Adonis Diaries

Posts Tagged ‘Rana Plaza factory

Activists In DC:  Identifying Long-Term Police Protest Infiltrator

Rumors have flown for many years that DC police routinely infiltrate and spy on the frequent protests in the nation’s Capitol.

Until now, activists have never been able to identify a specific undercover cop at a protest. After months of piecing together evidence, attorneys Jeffrey Light and Sean Canavan working with United Students Against Sweatshop (USAS) have confirmed that under an assumed name, Metro police officer Nicole Rizzi has participated in USAS protests against companies doing business in Bangladesh who refuse to sign the Accord on Fire and Building Safety in Bangladesh following the death of as many as 1,129 workers in the Rana Plaza factory collapse.

Mike Elk posted on Popular resistance this August 6th, 2013

Activists In DC Identify Long-Term Police Protest Infiltrator


USAS and its lawyers have numerous pieces of evidence placing Rizzi at protests under a pseudonym.

District of Columbia Public Employee Information List records obtained by In These Times confirm that Rizzi has been on the DC Metropolitan Police Department (MPD) force since December of 2003.

USAS filed suit on Monday against the District of Columbia seeking an injunction to stop police from spying on the group’s activities.

The story of how Rizzi was uncovered reads like a mix of “Gossip Girl” and “The Wire.”

Activists pieced her identity together from her obsessive posting to social media sites, including Twitter, Tumblr, Instagram, FacebookWordPress and Yfrog.

Lacy MacAuley, an activist and media manager for the Institute for Policy Studies, has suspected for the past several years that a protester named “Missy” was an undercover cop. “Missy” seemed to be at every protest, but no one knew her. However, MacAuley had no way of proving her suspicions.

In November of 2012, MacAuley was at a bar on U Street when a friend recommended that she follow a Twitter account of a funny person with the handle @snufftastic. MacAuley immediately identified the user in the photographs as the person she knew as “Missy.” The user Tweeted frequently about the daily grind of being a police officer in DC.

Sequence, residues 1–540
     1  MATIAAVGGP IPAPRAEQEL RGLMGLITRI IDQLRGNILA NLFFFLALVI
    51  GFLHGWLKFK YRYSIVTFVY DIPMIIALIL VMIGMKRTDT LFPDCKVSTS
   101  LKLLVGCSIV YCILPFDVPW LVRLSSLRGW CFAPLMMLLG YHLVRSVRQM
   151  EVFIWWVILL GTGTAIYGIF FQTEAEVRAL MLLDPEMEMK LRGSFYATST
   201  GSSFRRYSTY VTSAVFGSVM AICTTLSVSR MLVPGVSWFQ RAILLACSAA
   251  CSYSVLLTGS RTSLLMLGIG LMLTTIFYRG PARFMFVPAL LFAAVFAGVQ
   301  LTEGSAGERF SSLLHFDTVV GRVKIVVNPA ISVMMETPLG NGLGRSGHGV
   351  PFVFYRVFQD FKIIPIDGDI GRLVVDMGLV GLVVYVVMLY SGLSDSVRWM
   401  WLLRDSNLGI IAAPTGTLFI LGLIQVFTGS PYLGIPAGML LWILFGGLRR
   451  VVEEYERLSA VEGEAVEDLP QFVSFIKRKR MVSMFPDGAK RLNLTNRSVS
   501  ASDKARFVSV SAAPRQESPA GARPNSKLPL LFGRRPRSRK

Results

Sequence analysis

MacAuley says she then spotted Rizzi as “Missy” at an anti-Keystone pipeline protest at the Canadian Embassy on March 21, 2013.

That was when MacAuley decided to approach Jeffrey Light, an attorney who works on police misconduct issues, with her suspicions. Light and his law partner Sean Canavan began searching for evidence to peg Rizzi as an undercover police officer.

The trickiest part was establishing Rizzi’s real name. But on @snufftastic, she let clues drop.

On August 2, 2012, she Tweeted, “They used to call me No Sweat Nico because no matter how hot it was at academy, I never sweat.”

Light and Canavan did a public database search of all police officers in D.C. and found only two named Nicole; one was Rizzi. Photos on “Nicole Rizzi”’s Facebook account matched those on the @snufftastic Twitter and Instagram.

Moreover, a post on Rizzi’s since-deleted Tumblr account seemed to indicate that Rizzi worked undercover.

In response to a post from a reader asking her how flexible her dress code was as a police officer, Rizzi said she wore “ordinary clothes,” but made a distinction between her position and that of a “plainclothes” patrol cop: “In the position I’m in, it’s beneficial to wear ordinary clothes. Plainclothes assignments too, you wear what would blend in.”

Bangladesh Factory Safety Accord

Last month, over 1,100 poor working women and children died when a clothing factory collapsed. The government of Bangladesh decided to close dozens of these factories, pending structural investigation for the usage of these building…

Bennetton had a supplier in the Rana Plaza factory that collapsed last month, killing more than 1,100 people. All these building were meant for residential dwelling, and not for hundreds of heavy machineries…

A 2010 factory fire at a facility that made cardigans for H&M killed 21 people.

The deadline to sign onto the Accord on Fire and Building Safety in Bangladesh passed on Tuesday, and at least 14 major North American garment retailers declined to participate in signing the Factory Safety Accord.

The Huffington Post  posted this May 17, 2013:

The agreement, which demands a 5-year commitment from participating retailers to conduct independent safety inspections of factories and pay up to $500,000 per year toward safety improvements, has seen greater support abroad than in the U.S.

Major European retailers — for example, Marks & Spencer and Carrefour — have joined the agreement.

Swedish retailer H&M and Italian fashion house Benetton  signed on.